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  • Natalia Reyes

A Look Into the Predicted Economic Implications of Biden’s Student Debt Relief Plan

President Biden recently announced his controversial plan to cancel up to $20,000 in federal student loan debt for Pell Grant recipients, and up to $10,000 in debt for non-Pell Grant recipients. This relief is limited to borrowers with an individual income of less than $125,000 or $250,000 for married couples. While much is still left unknown about the plan and its long-term effects, the White House released a fact sheet with information regarding the plan’s purpose and scope, and a statement regarding the program’s projected fiscal and cash-flow impacts.


Student debt is a national crisis with $1.6 trillion in cumulative federal student loan debt and over 45 million borrowers (for now). Since 1980, the cost of attending a 4-year public or private institution has nearly tripled after accounting for inflation, making it much harder for students to accumulate wealth and savings after college. This in turn makes it more difficult for graduated students to make investments necessary to creating a life for themselves, investments like a house or a car. Not only is student debt a crisis but also a social issue. With students of color facing larger debt burdens due to patterns of discrimination and inequalities in academic opportunities, these negative consequences of taking on student debt mentioned above are even more devastating for Black and Hispanic borrowers. With the typical White family having eight times the wealth of the typical Black family and five times the wealth of the typical Hispanic family, a greater number of Black and Hispanic students must borrow money to get a degree, further increasing the racial wealth gap.


So wouldn’t a plan to cancel student debt for middle and low-income borrowers be a cause for celebration? Well, that depends on who you ask.


Of course, there are people who already paid off their student debt questioning the fairness of the issue. Additionally, there are people who believe that student debt is normal and that it is not a crisis that needs government attention. Most of the arguments against federal student debt, however, are from people concerned about its long-term macroeconomic effects, especially on inflation. The overheated economy brought on by COVID-19 has further complicated the debate over whether Biden is making the right decision by canceling student debt.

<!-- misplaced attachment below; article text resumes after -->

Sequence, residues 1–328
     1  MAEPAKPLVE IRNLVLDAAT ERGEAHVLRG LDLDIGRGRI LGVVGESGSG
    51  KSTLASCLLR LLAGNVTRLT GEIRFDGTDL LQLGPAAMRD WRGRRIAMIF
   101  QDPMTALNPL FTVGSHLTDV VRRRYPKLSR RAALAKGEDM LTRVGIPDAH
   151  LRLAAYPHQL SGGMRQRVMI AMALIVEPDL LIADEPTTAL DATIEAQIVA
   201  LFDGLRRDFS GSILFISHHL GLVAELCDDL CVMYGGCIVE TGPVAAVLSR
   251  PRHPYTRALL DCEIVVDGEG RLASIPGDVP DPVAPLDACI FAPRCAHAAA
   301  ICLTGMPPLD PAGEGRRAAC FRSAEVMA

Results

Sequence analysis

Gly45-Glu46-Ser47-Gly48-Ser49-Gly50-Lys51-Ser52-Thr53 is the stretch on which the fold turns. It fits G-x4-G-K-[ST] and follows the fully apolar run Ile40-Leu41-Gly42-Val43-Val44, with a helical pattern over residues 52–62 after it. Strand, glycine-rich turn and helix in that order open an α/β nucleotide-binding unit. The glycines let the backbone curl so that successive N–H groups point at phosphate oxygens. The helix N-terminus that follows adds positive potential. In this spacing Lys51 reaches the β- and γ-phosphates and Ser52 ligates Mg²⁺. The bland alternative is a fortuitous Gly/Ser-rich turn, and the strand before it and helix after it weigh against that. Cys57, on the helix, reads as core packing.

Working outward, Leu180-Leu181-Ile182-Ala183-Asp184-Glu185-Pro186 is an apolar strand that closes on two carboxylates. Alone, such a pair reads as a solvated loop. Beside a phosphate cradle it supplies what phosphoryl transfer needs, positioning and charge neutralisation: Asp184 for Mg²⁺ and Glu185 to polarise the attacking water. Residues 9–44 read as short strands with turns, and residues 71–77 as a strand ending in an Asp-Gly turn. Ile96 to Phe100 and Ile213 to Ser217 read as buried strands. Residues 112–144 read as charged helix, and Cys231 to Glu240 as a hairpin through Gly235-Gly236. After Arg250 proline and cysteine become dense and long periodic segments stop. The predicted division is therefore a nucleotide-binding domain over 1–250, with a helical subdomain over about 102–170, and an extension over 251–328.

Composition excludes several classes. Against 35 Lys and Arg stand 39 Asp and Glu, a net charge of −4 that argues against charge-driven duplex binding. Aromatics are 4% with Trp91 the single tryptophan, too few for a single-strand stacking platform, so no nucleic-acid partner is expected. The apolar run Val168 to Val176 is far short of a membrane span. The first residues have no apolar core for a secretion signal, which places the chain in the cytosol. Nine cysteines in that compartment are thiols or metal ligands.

One major concern with a student debt relief program is that it will further increase inflation during a period of already unusually high inflation rates. This fear mostly stems from the inflationary impacts of COVID-19 stimulus payments and the federal student debt pause that has been in effect since the start of the pandemic.


COVID stimulus checks came out in three rounds, each with slightly different parameters for who would receive these payments. In such uncertain times, the federal government was more concerned with getting the money out in a timely manner than targeting the payments toward those who actually needed them. This allowed for people who were well above the poverty line and remained employed during the pandemic to receive payments, contributing to excess demand and a severe increase in inflation in recent years. However, the Penn Wharton Budget Model predicts that 75% of student loan forgiveness will go to households making under $88,000 per year. Biden’s relief program also offers more relief to Pell Grant recipients, potentially skewing relief toward low-income borrowers. Whether or not the relief is targeted enough can only be answered once it goes into effect.


The pause put on student loan payments was thought to impact the inflation increase during COVID-19, as it put money into the pockets of students during a time of excess demand and limited supply. However, independent analysts have estimated that each full-year moratorium on student debt adds only about 0.2 percentage points to inflation, with White House projections being even lower. The debt students owe after earning a degree is money that would be paid in years or even decades, and is money most borrowers do not have. Some borrowers may spend more following student debt forgiveness, which can be explained by the wealth effect. However, the plan’s overall inflationary impacts are estimated to be small. Additionally, the inflationary impacts of debt forgiveness are thought to be offset by federal loan payments restarting, which will be happening at the same time Biden’s executive order goes into effect.


More will become known about the economic implications of Biden’s student debt forgiveness in the coming months. What we do know is that student debt is a large and growing problem and that something needs to be done to make college a more worthwhile investment, and an investment available to all.


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